Though startling, the charge that Islamabad is protecting and sustaining forces fighting and killing Americans is not a new one. When the United States halted operations in Afghanistan after the defeat of the Soviets in 1989, U.S. policy was to turn over operations in Afghanistan to Pakistan. U.S. strategy was to use Islamist militants to fight the Soviets [6] and to use Pakistani liaisons through the ISI to supply and coordinate with them. When the Soviets and Americans left Afghanistan, the ISI struggled to install a government composed of its allies until the Taliban took over Kabul in 1996. The ISIʼs relationship with the Taliban — which in many ways are the heirs to the anti-Soviet mujahideen — is widely known. In my book, “Americaʼs Secret War,” I discussed both this issue and the role of Gul. These documents claim that this relationship remains intact. Apart from Pakistani denials, U.S. officials and military officers frequently made this charge off the record [7] , and on the record occasionally. The leaks on this score are interesting, but they will shock only those who didnʼt pay attention or who want to be shocked.
Letʼs step back and consider the conflict dispassionately. The United States forced the Taliban from power. It never defeated the Taliban nor did it make a serious effort to do so, as that would require massive resources the United States doesnʼt have. Afghanistan is a secondary issue for the United States, especially since al Qaeda has established bases in a number of other countries, particularly Pakistan, making the occupation of Afghanistan irrelevant to fighting al Qaeda.
For Pakistan, however, Afghanistan is an area of fundamental strategic interest. The regionʼs main ethnic group, the Pashtun, stretch across the Afghan-Pakistani border. Moreover, were a hostile force present in Afghanistan, as one was during the Soviet occupation, Pakistan would face threats in the west as well as the challenge posed by India in the east. For Pakistan, an Afghanistan under Pakistani influence or at least a benign Afghanistan is a matter of overriding strategic importance.
WikiLeaks and the Afghan War

It is therefore irrational to expect the Pakistanis to halt collaboration with the force that they expect to be a major part of the government of Afghanistan when the United States leaves. The Pakistanis never expected the United States to maintain a presence in Afghanistan permanently. They understood that Afghanistan was a means toward an end, and not an end in itself. They understood this under George W. Bush. They understand it even more clearly under Barack Obama , who made withdrawal a policy goal
Given that they donʼt expect the Taliban to be defeated, and given that they are not interested in chaos in Afghanistan, it follows that they will maintain close relations with and support for the Taliban. Given that the United States is powerful and is Pakistanʼs only lever against India, the Pakistanis will not make this their public policy, however. The United States has thus created a situation in which the only rational policy for Pakistan is two-tiered, consisting of overt opposition to the Taliban and covert support for the Taliban.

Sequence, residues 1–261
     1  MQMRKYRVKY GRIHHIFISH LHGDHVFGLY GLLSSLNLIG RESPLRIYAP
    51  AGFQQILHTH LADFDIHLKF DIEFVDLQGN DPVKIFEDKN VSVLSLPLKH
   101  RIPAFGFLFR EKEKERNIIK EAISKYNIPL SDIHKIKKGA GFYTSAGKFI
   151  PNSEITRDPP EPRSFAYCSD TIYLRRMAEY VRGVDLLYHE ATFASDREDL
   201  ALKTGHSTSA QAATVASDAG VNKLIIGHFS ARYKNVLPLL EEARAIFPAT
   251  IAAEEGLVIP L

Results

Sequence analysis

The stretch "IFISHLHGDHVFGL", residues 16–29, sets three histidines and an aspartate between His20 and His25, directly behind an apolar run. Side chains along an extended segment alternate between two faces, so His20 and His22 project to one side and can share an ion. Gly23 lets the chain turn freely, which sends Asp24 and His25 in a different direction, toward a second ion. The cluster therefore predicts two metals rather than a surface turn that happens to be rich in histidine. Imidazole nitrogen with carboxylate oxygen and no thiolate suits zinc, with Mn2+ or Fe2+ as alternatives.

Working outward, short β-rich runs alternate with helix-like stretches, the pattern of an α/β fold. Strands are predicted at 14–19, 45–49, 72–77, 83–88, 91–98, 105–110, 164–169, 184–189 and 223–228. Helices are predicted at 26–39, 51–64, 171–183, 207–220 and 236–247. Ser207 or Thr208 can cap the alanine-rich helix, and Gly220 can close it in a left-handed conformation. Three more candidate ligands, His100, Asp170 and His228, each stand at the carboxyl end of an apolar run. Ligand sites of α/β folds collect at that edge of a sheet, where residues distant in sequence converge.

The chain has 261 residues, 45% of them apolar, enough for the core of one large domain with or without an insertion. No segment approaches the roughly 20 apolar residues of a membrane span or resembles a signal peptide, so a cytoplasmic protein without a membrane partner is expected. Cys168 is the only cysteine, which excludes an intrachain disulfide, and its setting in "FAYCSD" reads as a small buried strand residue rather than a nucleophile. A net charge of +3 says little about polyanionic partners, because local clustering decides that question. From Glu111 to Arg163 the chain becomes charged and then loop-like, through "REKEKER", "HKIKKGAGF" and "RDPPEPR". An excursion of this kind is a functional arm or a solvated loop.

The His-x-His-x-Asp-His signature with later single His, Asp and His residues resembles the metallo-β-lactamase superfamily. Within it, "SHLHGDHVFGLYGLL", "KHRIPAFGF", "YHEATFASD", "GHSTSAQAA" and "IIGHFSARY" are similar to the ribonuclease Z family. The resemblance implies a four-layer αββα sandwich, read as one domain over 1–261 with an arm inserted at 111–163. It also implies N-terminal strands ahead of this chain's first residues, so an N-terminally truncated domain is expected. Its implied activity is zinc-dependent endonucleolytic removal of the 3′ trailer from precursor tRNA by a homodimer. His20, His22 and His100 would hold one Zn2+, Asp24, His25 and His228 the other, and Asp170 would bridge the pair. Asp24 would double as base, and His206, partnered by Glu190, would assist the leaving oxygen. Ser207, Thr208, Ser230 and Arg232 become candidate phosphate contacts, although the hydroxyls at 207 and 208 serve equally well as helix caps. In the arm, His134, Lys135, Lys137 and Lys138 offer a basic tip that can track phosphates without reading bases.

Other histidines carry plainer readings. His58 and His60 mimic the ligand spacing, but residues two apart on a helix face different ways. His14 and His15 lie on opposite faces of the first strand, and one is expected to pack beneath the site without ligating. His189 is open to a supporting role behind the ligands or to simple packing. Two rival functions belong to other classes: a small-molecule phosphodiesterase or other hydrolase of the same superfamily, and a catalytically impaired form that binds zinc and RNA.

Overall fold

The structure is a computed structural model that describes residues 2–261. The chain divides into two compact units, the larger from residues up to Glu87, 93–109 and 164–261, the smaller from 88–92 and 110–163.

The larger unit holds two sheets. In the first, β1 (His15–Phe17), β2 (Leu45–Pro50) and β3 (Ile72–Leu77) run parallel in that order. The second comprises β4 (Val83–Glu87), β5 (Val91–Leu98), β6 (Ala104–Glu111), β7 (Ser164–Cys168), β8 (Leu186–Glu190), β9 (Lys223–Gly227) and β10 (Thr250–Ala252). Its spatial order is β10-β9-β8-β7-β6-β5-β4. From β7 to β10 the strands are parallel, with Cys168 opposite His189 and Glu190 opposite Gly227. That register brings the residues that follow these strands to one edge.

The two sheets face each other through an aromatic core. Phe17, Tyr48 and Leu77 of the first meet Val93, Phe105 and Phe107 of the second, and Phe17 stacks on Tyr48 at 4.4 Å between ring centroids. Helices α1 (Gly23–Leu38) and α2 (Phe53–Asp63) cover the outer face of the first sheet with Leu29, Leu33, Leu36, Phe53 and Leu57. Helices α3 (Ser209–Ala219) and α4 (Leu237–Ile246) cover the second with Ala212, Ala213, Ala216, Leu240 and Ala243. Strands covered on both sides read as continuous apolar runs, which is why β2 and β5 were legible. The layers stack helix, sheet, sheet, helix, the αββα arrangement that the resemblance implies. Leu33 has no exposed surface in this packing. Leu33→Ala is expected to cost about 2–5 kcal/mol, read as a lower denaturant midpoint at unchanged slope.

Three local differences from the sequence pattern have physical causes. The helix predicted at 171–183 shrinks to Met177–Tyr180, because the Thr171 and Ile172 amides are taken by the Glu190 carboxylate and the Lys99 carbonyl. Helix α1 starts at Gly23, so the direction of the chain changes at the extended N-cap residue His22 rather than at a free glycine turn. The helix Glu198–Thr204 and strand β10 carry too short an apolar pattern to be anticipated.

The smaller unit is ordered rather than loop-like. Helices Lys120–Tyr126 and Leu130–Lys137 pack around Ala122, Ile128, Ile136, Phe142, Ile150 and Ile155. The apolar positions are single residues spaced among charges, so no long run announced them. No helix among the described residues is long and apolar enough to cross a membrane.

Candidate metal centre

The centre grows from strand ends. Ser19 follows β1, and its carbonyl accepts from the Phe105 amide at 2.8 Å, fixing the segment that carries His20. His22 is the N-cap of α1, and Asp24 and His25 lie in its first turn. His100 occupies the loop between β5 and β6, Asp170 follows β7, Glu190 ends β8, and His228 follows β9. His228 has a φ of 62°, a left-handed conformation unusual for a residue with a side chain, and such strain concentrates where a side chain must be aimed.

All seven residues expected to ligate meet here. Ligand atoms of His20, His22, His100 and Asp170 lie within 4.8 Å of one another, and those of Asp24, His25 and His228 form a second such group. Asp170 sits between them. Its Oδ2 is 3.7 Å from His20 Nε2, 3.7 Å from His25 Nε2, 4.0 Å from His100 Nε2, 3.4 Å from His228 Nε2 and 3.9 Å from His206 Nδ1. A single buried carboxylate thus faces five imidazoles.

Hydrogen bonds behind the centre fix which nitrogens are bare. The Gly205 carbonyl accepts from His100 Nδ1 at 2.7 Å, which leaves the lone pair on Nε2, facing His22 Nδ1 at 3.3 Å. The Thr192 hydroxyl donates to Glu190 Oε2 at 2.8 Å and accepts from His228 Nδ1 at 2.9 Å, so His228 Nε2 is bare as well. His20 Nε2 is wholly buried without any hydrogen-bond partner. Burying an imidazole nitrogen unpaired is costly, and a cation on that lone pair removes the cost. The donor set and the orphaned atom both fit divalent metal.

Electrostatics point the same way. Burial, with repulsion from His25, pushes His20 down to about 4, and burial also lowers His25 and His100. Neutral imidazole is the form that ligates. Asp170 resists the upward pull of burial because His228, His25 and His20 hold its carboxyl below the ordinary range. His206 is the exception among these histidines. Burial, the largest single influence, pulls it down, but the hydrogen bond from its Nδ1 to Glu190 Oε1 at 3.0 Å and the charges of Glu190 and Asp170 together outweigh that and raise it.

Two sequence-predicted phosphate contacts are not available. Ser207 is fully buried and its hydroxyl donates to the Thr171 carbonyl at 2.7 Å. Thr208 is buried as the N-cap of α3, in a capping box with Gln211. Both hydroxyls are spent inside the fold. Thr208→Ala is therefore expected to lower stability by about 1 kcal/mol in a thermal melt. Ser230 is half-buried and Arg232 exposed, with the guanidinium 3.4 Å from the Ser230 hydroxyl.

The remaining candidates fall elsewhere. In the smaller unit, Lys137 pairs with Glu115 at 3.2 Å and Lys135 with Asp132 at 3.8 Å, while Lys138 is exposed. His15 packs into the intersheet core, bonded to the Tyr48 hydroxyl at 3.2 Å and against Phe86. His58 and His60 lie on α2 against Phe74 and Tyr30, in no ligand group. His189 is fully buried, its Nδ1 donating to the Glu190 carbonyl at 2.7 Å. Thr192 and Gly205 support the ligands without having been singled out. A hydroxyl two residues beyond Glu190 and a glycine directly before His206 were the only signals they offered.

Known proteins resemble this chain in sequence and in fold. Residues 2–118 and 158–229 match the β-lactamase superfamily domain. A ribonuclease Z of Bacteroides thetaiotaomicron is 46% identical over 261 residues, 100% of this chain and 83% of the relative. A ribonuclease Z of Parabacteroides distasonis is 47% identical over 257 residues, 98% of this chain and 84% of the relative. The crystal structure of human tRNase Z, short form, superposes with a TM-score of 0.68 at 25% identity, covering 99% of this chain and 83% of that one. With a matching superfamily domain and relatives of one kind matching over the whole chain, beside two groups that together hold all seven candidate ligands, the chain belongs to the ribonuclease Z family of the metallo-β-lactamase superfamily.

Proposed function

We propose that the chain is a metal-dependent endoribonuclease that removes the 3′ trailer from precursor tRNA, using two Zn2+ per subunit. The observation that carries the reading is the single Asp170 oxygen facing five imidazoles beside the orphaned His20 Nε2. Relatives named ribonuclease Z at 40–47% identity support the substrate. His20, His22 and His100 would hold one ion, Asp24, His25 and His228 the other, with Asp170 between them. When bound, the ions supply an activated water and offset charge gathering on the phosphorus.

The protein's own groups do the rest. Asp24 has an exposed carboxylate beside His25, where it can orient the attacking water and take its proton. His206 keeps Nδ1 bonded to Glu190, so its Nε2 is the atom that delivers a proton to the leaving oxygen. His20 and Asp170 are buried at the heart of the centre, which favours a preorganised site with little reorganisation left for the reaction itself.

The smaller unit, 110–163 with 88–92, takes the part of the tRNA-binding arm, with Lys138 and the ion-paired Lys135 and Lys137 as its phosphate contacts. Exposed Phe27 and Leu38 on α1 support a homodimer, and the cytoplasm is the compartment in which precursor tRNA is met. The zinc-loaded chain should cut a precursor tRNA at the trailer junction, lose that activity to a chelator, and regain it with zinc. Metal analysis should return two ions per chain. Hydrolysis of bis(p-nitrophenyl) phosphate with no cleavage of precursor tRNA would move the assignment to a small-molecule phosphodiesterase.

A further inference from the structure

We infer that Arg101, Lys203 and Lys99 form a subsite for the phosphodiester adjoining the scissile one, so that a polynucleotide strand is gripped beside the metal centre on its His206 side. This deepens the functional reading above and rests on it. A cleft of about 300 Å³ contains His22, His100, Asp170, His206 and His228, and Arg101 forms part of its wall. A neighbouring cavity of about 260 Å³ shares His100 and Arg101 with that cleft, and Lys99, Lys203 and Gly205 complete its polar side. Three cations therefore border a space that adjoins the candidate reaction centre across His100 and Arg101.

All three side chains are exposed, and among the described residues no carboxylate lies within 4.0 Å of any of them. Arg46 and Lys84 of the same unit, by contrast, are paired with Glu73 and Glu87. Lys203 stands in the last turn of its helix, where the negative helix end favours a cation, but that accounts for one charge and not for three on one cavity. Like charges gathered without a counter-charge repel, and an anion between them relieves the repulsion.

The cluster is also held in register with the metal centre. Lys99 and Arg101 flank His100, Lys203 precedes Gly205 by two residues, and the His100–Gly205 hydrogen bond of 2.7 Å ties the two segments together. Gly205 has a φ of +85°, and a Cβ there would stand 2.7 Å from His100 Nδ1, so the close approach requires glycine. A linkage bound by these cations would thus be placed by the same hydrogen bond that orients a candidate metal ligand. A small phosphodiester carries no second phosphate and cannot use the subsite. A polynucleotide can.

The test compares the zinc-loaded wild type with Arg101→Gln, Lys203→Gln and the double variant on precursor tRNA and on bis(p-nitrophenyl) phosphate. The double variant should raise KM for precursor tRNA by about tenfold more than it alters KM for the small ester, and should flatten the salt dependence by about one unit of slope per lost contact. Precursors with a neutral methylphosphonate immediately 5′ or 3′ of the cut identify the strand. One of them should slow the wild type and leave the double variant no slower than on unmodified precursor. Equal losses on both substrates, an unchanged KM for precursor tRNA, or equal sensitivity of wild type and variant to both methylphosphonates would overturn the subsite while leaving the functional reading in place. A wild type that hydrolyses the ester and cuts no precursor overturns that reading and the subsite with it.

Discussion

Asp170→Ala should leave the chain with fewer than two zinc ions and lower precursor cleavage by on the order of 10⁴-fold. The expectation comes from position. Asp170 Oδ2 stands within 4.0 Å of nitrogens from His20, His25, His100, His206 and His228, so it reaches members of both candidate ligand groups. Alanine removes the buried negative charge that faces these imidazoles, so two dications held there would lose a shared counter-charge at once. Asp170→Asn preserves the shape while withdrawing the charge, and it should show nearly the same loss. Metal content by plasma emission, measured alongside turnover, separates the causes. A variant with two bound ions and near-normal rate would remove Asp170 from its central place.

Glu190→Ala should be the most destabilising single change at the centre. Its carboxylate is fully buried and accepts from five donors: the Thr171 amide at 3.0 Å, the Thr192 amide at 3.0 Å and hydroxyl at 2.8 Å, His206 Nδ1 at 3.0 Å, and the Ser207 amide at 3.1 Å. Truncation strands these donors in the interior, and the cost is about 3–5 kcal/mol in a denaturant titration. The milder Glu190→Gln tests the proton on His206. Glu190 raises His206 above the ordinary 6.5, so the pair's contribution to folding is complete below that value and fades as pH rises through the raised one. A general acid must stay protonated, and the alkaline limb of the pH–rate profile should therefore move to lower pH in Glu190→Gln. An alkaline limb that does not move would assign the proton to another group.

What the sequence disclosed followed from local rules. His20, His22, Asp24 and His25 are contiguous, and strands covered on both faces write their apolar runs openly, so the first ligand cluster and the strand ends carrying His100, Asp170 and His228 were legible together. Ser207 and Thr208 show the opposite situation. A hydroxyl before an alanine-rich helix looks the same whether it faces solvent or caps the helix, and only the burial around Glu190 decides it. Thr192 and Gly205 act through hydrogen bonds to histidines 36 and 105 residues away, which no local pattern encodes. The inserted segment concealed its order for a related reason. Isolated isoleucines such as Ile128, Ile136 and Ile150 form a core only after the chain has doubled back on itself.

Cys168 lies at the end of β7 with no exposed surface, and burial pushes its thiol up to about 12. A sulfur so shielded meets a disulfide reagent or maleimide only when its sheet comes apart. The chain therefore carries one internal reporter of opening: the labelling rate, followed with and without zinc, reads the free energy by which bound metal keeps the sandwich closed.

This is duplicitous only if you close your eyes to the Pakistani reality, which the Americans never did. There was ample evidence, as the WikiLeaks show, of covert ISI ties to the Taliban. The Americans knew they couldnʼt break those ties. They settled for what support Pakistan could give them [12] while constantly pressing them harder and harder until genuine fears in Washington emerged that Pakistan could destabilize altogether. Since a stable Pakistan is more important to the United States than a victory in Afghanistan — which it wasnʼt going to get anyway — the United States released pressure and increased aid. If Pakistan collapsed, then India would be the sole regional power, not something the United States wants.

The WikiLeaks seem to show that like sausage-making, one should never look too closely at how wars are fought, particularly coalition warfare. Even the strongest alliances, such as that between the United States and the United Kingdom in World War II, are fraught with deceit and dissension. London was fighting to save its empire, an end Washington was hostile to; much intrigue ensued. The U.S.-Pakistani alliance is not nearly as trusting. The
United States is fighting to deny al Qaeda a base in Afghanistan while Pakistan is fighting to secure its western frontier and its internal stability. These are very different ends that have very different levels of urgency.

The WikiLeaks portray a war in which the United States has a vastly insufficient force on the ground that is fighting a capable and dedicated enemy who isnʼt going anywhere. The Taliban know that they win just by not being defeated, and they know that they wonʼt be defeated. The Americans are leaving, meaning the Taliban need only wait and prepare.